Aug/Sept 2012


EPICs 35th Anniversary Fall Celebration! With Delhi 2 Dublin Friday November 2nd, 2012 Mateel Community Center, Redway CA 145 G Street, Suite A, Arcata, CA 95521

The Environmental Protection Information Center

(707) 822.7711

Clearcutting Triggers Hotter Fires and Reduces Water Supplies State Regulators Ignore the Best Available Science

Rob DiPerna and Andrew Orahoske The dry season is upon us and the likelihood of forest fires will grow while our creeks and rivers drop ever lower. The potential for forest fires coupled with the paucity of water presents serious concerns to natural and human communities alike. Recent events across the country and within California have us wondering: What are the impacts of the industrial forestry model of clearcutting and dense, mono-culture tree plantations on fire behavior and water availability? The best available science shows that young, dense tree plantations are prone to higher severity fire than comparable natural forests with older trees and greater ecological complexity. A recent study out of the U.S. Forest Service’s Pacific Southwest Research Station (Miller et al 2012) clearly shows that tree plantations are prone to high severity, stand replacing fires. These findings are consistent with other research implicating tree plantations as tinder boxes. This contrasts sharply with low and moderate severity fire behavior generally displayed within natural forests on public lands with older trees and complex structure. Similarly, intensive industrial forestry is simply not compatible with the conservation of water resources. Many municipalities that source their water supply from forested watersheds have protected them from damaging logging practices. Portland, Oregon and New York City are two examples where a century of foresight to protect forested watersheds yields a reliable supply of

clean water. In California, numerous watersheds throughout the Sierra Nevada, Cascade, Trinity Alps and Klamath Mountains provide water to millions of people, agriculture and diverse ecosystems. While some of the watersheds are protected in national forests, millions of acres are in private hands and much of that is extensively clearcut. Natural forests with older trees provide reliable, clean water supplies because they shade the ground and contain complex aquatic habitat and pools. In contrast, industrial forestry landscapes are often devoid of any vegetation or contain simplified plantations that do not provide the same benefits for water supplies. Additionally, recent research has uncovered a critical variable that is often overlooked. Stubblefield et al (2012) compared overall water usage by young, dense Douglas-fir tree plantations versus older, natural forests in the Mattole River watershed. The study concludes that tree plantations use more water than older forests, adding an additional indictment of the industrial forestry model. Meanwhile, California’s regulations for private industrial forestlands continually fail to account for these threats. California’s Forest Practice Rules allow intensive clearcutting across entire watersheds. The specter of past, ongoing, and foreseeable cumulative impacts resulting from a century and a half of logging continues to threaten endangered fish and wildlife species. The best available science implicates the lack of adequate state-level regulations to prevent significant adverse cumulative impacts to our forests and water resources. In the midst of this ongoing crisis, California’s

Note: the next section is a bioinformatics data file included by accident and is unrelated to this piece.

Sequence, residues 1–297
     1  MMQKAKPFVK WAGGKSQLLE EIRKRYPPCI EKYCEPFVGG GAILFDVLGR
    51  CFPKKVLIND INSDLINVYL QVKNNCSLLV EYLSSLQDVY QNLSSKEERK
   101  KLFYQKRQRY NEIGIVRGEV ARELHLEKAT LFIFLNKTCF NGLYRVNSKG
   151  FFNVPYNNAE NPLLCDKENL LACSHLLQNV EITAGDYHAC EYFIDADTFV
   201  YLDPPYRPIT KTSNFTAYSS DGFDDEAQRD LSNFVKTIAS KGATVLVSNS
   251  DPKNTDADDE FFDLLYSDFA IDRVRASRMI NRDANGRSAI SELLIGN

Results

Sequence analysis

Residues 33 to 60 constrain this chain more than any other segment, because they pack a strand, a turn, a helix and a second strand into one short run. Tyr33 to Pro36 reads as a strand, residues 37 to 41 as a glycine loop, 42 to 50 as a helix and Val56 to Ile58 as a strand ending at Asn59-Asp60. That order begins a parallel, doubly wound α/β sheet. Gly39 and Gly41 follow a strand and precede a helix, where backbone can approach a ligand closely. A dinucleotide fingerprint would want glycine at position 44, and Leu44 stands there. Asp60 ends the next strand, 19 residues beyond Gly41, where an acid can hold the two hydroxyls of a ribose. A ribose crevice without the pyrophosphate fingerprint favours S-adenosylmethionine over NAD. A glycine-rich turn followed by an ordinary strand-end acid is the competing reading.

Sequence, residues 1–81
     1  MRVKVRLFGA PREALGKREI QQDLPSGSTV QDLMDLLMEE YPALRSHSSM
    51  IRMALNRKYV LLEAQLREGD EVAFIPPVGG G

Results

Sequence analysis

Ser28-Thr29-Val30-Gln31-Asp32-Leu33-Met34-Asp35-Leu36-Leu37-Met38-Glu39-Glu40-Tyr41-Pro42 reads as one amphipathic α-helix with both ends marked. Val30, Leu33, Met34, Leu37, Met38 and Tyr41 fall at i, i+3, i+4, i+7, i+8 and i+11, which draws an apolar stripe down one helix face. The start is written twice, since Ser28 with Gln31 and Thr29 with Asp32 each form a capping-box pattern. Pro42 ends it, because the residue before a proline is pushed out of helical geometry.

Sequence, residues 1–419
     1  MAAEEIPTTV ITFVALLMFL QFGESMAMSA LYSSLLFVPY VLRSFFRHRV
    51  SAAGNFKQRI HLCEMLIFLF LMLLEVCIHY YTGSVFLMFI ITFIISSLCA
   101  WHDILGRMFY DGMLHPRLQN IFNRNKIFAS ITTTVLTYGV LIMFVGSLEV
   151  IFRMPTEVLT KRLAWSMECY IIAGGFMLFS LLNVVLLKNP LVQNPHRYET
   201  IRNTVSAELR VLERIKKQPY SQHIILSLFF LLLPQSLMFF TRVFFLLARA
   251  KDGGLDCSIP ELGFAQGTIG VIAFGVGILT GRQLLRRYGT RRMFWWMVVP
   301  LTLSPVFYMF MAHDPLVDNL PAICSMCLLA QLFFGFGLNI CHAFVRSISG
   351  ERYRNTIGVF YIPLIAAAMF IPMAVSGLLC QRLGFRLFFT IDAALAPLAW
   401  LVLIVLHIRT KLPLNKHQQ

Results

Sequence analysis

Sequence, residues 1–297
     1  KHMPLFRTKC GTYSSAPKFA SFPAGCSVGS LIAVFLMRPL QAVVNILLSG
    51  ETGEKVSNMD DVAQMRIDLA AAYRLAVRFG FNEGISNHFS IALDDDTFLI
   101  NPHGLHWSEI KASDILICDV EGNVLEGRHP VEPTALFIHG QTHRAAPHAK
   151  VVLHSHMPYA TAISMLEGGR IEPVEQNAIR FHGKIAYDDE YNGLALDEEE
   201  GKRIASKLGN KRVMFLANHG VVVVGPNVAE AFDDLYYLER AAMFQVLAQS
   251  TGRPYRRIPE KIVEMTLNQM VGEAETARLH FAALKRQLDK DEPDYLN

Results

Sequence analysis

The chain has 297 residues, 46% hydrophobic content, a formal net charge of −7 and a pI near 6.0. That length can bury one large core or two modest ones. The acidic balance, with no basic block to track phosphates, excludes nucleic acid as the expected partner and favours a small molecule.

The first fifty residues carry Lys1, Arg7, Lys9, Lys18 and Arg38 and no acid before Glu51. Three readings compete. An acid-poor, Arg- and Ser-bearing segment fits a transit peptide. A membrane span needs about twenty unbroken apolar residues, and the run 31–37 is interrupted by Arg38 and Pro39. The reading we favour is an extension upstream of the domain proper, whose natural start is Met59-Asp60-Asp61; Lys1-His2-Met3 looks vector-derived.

regulators are completely disconnected from realities on the ground. Even worse, current proposals do nothing to address the ongoing threats posed by industrial forestry, and instead are nothing more than industry giveaways. Governor Brown wants to institute a cap on liability stemming from damages caused by forest fires in response to the federal prosecution of Sierra Pacific Industries for the Moonlight fire. Such meddling in long established law would undermine the ability of the public to recover costs and restore landscapes damaged by the negligence of private logging operations. The Governor also proposes a new consumer tax on lumber that would be used to fund regulatory agencies’ review of private timber harvest plans. The proposed tax would give the timber industry the ability to freely pass the cost of public trust analysis onto the consumer. This approach provides no incentive to engage in sustainable, selection forestry, but instead allows business as usual for those large industrial landowners that clearcut forests across California. Instead, a progressive fee-based program should be created that promotes good practices. Damaging logging plans that include clearcutting require more intensive review by state agencies, and therefore should be more expensive to permit. Genuine stewardship of California’s forests and water resources by landowners should be rewarded with reduced fees for selection forestry. Holding the timber industry accountable for the damage they have wrought on our natural landscapes and human communities is imperative for charting a new path forward to restore California’s forests.